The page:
Social Security Disability Insurance (SSDI)

Eligibility and Application

Social Security Disability Insurance (SSDI) is a federal program that gives monthly cash benefits to people who have worked, paid Social Security taxes, and now have disabilities that prevent them from working.

SSDI is linked to Medicare. Once you have gotten SSDI benefits for 2 years, you automatically become eligible for Medicare, even if you are under age 65. We’ll discuss the connection between SSDI and Medicare later in this article.

If you worked in the past, but now have a disability that prevents you from working at a job that can pay for your monthly expenses, you should consider applying for SSDI benefits. Once you apply, the Social Security Administration (SSA) will look at your case.

You will have to meet these 2 basic requirements to qualify for SSDI benefits:

  1. You must be insured. SSA will look at your work history and see if you have worked long enough to be covered by SSDI. Because it's an insurance program, you do not have to prove financial need to qualify for SSDI. This is an important distinction between SSDI and Supplemental Security Income (SSI).
  2. SSA must decide that you are disabled. They will look at 5 different criteria and if you meet all 5, SSA will decide that you are disabled.

You must meet both of these requirements to get SSDI benefits; if you only meet one of them, you will not qualify for SSDI benefits. How SSA decides if you are insured and are disabled is described later in this article.

Exceptions to these requirements

There are a few cases where you may qualify for benefits even if you have not worked long enough to be covered by SSDI or if you are not disabled:

  • If you have not worked because of a disability that you acquired before you turned 22, you may qualify for Childhood Disability Benefits (CDB). CDB is described in greater detail later in this article.
  • If you are under the age of 19, you may qualify if your parent gets Social Security retirement or disability insurance benefits or is deceased. You do not need a disability to get this benefit. To learn more about these Child’s Benefits, read DB101’s article about Benefits for Young People.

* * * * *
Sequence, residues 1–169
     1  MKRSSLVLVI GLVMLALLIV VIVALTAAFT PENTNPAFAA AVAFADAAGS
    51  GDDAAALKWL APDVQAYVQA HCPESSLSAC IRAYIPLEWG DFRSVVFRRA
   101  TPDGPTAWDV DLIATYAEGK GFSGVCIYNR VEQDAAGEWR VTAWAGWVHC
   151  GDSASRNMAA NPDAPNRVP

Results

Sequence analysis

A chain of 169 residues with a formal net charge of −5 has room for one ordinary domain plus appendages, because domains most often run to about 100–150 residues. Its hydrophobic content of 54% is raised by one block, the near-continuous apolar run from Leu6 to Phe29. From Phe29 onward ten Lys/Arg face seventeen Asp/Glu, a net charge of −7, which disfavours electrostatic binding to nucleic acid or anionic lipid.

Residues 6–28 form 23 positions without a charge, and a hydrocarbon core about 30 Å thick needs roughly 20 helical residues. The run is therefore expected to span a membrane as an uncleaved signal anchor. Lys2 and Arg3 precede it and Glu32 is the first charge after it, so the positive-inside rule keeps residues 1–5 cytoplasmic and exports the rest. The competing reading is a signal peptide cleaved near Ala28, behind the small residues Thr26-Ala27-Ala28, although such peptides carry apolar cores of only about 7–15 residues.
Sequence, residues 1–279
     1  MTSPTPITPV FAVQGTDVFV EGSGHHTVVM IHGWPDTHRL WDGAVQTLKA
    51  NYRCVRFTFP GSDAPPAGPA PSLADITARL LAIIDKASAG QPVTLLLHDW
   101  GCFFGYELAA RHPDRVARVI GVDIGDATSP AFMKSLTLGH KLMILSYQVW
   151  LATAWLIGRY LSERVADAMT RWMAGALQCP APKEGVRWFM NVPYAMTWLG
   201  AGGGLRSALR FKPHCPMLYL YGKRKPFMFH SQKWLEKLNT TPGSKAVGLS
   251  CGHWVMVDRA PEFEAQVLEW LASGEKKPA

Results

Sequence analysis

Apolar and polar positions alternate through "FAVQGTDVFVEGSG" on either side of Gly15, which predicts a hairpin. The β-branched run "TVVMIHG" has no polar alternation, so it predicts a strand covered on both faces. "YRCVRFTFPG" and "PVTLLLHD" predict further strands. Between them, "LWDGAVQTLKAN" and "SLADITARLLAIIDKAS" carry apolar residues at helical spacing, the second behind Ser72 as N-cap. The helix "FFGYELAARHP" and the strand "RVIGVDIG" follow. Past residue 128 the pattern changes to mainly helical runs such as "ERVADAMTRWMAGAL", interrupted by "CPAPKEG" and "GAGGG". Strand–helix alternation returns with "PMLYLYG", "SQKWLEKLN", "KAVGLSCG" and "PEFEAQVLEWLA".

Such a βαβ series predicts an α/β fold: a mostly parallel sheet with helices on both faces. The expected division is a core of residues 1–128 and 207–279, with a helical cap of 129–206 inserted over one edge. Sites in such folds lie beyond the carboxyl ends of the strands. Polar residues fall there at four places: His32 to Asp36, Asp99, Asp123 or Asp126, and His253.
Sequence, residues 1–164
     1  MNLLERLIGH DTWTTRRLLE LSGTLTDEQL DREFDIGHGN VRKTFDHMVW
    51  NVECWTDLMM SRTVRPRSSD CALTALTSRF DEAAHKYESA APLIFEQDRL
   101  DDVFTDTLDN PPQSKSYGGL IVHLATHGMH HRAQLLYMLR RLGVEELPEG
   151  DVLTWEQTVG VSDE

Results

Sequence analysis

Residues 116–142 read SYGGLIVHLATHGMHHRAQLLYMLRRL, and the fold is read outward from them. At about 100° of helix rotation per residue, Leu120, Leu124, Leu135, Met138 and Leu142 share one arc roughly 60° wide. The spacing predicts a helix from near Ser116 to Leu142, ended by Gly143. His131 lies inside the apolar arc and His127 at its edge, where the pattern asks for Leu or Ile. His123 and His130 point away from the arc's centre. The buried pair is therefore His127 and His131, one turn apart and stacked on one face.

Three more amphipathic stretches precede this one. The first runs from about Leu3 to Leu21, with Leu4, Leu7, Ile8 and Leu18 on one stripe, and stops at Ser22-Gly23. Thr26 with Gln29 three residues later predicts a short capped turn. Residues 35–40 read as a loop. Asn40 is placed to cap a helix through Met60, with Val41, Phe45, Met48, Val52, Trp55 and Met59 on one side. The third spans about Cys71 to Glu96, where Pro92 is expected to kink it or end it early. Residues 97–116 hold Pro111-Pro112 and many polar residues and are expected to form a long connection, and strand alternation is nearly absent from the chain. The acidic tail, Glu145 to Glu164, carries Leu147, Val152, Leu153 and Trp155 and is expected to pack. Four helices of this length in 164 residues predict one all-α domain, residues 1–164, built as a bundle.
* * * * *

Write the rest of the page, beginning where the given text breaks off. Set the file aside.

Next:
• If your spouse or ex-spouse qualifies for SSDI benefits or Social Security retirement benefits, or qualified before dying, you may be able to get these benefits as well. If you are in this situation, talk to a benefits planner.


You can apply for SSDI benefits:

  • Online (which starts the application process immediately instead of having to wait for an appointment)
  • By calling Social Security at 1-800-772-1213 or 1-800-325-0778 (TTY) to make an appointment to apply either:

Note: Due to COVID-19, there may be limits on in-person services. Contact your agency by phone to ask about this.

You may need to give the following when you apply:
  • Names, addresses, and phone numbers of all doctors, hospitals, and clinics that have supplied you with medical treatment and the dates of treatment
  • Names of any medications you are taking
  • Copies of any medical records you have
  • Your Social Security Number and the Social Security Numbers of your spouse and any children under the age of 18
  • A certified copy of your birth certificate
  • Proof of U.S. citizenship or legal residency, if you were born in another country
  • A certified copy of your military discharge papers (Form DD 214), if you were in the military
  • Your most recent W-2 Form or if you’re self-employed, your most recent tax return
  • Information on any workers’ compensation you get or have gotten
  • A summary of all your jobs during the past 15 years (names of jobs and dates of employment)

Social Security provides a detailed checklist of the information you need to complete the application process.

SSA will decide if you are insured and if you are disabled. If you are both insured and disabled, you may qualify for SSDI.

Learn more